Third-year family medicine clerkship students at our urban medical school are assigned to clinics in diverse settings, where they are required to video record one patient interview. Our research goals were to describe student communication behaviors and compare the frequency of these behaviors at clinics serving primarily uninsured patients to clinics with primarily insured patients.Eighty-seven student-patient recordings were reviewed and analyzed.Seventy-two percent of students performed general interviewing skills at an adequate or outstanding level; however, only a small number of students asked contextual questions about patients' use of social services (7%), barriers to care (6%), or patients' cultural/spiritual values and health concerns (13%), regardless of clinic type (underserved or insured). In visits with female patients, all students were more likely to show a personal interest in the patient (88% versus 71%). In visits where there was gender concordance between the patient and student, the students were more likely to face the patient (98% versus 73%).This study indicates that, even though third-year students may have adequate general interviewing skills, they may need additional training and practice in obtaining contextual information about patients in all clinical settings. These findings also suggest that the gender of the patient, as well as gender concordance between patient and student, play a role in student-patient interactions.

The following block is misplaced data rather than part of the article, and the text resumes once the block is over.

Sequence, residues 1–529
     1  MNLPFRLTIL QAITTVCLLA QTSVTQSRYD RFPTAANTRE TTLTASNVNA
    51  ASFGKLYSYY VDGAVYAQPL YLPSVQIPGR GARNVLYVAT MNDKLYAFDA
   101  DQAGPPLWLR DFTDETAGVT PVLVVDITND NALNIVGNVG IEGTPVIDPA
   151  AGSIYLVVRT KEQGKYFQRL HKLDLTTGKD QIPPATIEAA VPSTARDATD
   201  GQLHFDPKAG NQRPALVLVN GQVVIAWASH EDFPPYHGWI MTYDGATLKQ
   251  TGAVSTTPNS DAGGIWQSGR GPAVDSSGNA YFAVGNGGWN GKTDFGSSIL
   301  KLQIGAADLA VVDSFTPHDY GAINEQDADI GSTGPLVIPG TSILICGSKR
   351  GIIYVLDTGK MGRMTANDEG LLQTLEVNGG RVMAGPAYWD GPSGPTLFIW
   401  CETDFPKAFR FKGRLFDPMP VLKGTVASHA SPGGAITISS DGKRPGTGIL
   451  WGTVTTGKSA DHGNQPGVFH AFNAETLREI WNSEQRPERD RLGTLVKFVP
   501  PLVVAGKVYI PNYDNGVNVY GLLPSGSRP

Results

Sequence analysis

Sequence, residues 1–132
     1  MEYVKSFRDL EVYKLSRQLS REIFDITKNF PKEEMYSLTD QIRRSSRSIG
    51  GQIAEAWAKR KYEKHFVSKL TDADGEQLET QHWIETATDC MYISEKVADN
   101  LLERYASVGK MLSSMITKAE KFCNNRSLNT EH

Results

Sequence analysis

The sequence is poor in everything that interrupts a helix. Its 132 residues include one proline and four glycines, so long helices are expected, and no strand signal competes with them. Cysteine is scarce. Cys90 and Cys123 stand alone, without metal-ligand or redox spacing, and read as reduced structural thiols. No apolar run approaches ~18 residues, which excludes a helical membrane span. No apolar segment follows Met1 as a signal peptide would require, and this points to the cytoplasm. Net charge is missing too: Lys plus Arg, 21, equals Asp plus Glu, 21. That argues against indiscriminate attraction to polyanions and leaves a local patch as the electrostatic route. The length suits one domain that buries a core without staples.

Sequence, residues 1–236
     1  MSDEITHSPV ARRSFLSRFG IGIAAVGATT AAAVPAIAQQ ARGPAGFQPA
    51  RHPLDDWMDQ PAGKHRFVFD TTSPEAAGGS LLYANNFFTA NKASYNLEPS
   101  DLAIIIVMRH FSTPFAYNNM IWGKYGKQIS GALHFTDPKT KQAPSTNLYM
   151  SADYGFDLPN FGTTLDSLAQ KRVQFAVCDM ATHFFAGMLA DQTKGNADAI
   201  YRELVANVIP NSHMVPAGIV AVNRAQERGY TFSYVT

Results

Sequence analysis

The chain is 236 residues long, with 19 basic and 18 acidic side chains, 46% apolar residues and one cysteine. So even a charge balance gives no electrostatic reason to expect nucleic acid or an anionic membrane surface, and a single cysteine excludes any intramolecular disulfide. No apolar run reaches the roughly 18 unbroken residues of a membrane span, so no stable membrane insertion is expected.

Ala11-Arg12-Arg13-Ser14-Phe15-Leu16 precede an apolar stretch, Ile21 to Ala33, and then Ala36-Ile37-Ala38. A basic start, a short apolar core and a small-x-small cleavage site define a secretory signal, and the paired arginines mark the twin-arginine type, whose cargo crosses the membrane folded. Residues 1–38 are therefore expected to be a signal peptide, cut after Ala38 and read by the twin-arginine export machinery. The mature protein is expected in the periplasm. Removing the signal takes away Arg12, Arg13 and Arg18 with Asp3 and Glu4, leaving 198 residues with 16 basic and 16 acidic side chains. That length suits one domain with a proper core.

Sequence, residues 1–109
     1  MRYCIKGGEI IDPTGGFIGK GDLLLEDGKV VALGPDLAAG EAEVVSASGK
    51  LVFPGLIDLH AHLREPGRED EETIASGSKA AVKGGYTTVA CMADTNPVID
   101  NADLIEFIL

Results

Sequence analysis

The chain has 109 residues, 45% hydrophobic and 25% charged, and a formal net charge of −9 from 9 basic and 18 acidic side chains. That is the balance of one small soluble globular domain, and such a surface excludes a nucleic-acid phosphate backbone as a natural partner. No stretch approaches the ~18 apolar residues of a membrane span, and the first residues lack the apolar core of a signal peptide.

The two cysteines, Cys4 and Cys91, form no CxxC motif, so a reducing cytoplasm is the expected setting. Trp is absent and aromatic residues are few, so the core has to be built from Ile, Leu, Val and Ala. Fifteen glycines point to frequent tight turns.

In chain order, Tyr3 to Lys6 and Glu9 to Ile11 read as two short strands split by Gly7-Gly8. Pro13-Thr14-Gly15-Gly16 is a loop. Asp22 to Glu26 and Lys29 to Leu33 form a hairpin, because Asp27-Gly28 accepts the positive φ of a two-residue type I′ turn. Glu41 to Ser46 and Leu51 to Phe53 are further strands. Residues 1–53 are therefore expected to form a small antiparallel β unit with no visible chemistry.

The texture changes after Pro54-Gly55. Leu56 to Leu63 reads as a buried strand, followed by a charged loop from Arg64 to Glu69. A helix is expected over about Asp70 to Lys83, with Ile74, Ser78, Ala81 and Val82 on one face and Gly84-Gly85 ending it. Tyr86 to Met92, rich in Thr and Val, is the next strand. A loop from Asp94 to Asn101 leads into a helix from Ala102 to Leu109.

View details for PubMedID 22791537